The Prestige, by Christoper Priest

Story about two illusionists in the late 19th century who nurture a mutual animosity to one another, and jealously guard their own tricks from their rival. Borden develops an illusion in which he appears to teleport from one side of the stage to the other in an instant, an Angier determines to match or better it.

This was a really good idea, and a fantastic read, although the book somehow felt a little bit flawed.

The main story (of Borden and Angier) is bracketed by a current-day plot which has Borden's great-grandchild, a journalist, investigating reports of a paranormal event. This was quite promising, had some neck-tingling moments and seemed to set things up very well for the main story. But at the end of the book, when we revert to the present, things are not very satisfactorily resolved, and you're left thinking "what was that about?". I have since watched the film, which omits this part of the story altogether, and I think that was a good decision.

But the main story was really nicely structured. First Borden's diaries reveal how he came to hate Angier, and how he develops his trick. The trick is described but never quite properly explained, even though there are hints and suggestions and promisies that you will find out how it's done. And then just as you think there might be a reveal, the narrative switches to Angier's point of view, and moves back in time to tell his story.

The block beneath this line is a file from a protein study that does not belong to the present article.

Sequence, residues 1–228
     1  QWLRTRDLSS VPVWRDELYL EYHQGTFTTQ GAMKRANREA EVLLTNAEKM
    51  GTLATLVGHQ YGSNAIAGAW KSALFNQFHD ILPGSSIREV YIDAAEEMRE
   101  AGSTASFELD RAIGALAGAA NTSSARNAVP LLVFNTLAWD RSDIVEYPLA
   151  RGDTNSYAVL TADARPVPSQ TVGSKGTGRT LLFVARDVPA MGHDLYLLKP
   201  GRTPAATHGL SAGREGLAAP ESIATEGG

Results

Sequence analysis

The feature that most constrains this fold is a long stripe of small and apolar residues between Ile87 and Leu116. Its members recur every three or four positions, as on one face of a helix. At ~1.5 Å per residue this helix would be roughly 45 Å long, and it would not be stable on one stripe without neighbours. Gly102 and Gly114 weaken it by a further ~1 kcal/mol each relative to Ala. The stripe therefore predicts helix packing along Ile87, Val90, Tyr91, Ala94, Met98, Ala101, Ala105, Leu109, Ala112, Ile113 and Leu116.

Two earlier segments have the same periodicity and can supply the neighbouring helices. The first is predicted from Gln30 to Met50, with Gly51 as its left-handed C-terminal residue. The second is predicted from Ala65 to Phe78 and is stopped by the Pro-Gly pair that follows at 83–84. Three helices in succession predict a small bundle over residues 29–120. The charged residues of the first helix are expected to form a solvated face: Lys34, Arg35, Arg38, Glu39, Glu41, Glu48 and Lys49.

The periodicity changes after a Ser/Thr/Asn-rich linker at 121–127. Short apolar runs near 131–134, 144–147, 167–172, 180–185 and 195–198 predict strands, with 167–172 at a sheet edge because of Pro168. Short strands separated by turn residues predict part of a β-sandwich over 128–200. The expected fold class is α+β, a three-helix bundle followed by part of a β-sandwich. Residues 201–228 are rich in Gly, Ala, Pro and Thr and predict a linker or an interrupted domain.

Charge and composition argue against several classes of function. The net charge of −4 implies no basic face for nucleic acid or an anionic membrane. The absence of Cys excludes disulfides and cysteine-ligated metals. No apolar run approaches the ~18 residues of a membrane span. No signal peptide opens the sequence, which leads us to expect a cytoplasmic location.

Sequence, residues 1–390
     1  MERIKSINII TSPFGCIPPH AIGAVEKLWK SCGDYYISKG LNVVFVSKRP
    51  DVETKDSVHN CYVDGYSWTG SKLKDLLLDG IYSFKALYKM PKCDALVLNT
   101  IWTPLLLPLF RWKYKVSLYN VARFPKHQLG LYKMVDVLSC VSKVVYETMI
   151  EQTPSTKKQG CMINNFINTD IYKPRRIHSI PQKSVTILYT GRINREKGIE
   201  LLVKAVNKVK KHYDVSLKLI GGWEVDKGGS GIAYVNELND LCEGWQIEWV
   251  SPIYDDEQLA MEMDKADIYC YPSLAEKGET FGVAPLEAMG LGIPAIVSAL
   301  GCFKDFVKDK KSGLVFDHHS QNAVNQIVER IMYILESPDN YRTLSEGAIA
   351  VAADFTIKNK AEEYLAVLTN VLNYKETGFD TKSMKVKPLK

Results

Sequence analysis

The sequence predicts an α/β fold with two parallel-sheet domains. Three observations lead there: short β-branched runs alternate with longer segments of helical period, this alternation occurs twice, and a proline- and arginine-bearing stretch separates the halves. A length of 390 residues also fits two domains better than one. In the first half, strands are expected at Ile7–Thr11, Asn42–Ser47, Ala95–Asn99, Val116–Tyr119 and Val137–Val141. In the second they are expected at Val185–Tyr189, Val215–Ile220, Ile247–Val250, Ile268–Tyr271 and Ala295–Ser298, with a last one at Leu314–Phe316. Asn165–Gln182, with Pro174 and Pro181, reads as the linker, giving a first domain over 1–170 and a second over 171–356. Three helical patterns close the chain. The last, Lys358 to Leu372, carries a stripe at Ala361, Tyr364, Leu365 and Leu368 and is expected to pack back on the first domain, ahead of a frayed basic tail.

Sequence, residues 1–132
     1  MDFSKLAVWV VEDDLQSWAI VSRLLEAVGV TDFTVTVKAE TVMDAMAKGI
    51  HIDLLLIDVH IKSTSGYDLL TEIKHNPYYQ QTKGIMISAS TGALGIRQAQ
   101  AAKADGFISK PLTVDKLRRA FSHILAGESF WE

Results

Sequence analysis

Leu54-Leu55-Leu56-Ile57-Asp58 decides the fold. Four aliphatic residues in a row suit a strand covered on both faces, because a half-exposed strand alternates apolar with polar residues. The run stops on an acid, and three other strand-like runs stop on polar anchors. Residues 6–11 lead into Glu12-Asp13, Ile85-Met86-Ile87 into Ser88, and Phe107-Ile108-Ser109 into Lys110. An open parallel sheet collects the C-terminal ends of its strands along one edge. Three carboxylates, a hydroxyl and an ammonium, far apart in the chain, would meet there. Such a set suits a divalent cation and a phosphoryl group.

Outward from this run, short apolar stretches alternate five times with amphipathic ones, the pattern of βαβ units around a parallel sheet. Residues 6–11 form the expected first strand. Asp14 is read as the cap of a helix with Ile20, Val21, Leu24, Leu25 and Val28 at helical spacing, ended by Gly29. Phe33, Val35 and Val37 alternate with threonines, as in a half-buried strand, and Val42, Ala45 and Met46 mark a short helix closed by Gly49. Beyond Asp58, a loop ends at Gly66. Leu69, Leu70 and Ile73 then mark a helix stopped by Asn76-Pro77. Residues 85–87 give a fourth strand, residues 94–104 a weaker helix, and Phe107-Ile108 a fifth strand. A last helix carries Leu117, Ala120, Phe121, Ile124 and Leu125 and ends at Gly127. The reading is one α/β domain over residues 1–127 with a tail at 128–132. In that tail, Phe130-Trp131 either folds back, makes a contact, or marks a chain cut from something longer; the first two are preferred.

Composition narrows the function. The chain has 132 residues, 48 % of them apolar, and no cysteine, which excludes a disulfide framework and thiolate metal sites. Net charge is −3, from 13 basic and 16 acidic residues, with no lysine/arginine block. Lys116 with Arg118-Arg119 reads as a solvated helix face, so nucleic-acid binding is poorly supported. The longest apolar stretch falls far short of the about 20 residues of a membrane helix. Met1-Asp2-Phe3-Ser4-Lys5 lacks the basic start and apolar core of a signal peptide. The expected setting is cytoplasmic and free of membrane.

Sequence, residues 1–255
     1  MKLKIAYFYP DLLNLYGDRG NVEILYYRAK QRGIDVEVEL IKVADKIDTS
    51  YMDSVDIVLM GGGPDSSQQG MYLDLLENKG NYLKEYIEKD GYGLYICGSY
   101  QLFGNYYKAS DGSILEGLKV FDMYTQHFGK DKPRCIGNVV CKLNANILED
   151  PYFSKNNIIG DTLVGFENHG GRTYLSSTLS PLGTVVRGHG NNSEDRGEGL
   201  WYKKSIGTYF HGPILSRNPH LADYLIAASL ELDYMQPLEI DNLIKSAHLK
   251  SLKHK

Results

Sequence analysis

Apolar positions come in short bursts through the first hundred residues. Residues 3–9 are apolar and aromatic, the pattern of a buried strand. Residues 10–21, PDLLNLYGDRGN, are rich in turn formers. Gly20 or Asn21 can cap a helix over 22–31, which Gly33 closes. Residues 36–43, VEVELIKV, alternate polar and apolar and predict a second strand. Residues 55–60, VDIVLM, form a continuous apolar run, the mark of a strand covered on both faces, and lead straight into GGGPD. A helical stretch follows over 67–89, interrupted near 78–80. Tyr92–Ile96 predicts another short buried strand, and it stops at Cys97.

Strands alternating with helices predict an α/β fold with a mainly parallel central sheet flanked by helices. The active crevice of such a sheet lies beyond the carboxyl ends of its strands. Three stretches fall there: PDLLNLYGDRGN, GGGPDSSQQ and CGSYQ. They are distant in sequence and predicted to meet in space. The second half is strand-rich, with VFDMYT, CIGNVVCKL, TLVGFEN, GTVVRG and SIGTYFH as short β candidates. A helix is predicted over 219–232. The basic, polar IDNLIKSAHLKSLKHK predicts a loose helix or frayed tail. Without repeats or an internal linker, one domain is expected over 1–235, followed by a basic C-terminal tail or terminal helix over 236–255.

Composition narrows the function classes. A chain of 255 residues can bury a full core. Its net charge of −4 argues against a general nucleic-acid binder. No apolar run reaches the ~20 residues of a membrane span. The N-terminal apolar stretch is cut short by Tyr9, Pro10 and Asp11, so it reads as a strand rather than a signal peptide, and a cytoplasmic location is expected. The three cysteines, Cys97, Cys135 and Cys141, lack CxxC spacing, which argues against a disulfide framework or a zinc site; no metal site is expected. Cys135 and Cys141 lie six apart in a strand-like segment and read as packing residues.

Angier is unable to discover Borden's secret, but Borden does make sure he comes across some red-herring clues. And as it happens, these lead to Borden developing his own variant on the illusion, which stumps Borden, who can't work out how Angier's trick is done. And here was another slight disappointment in the book: we are told how Angier does his trick, but the explanation relies on a made-up bit of science-fiction. So it's hard not to feel a little cheated (although, to be fair, that's how you always feel when you find out how a trick's done).

But the tension between the two protagonists, both keeping their own secret, but both going mad trying to find out the other's, is really nice.

Towards the end of the book, you do realise how Borden's trick is done. Or at least, I think you do: it's not spelled out, but is very strongly implied. In this respect, I think the book was better than the film, because the film makes it very clear (at the end) how Borden's illusion worked.

But the flaws didn't really spoil the book, which was a great read.

Completed : 06-Oct-2012 (audiobook)

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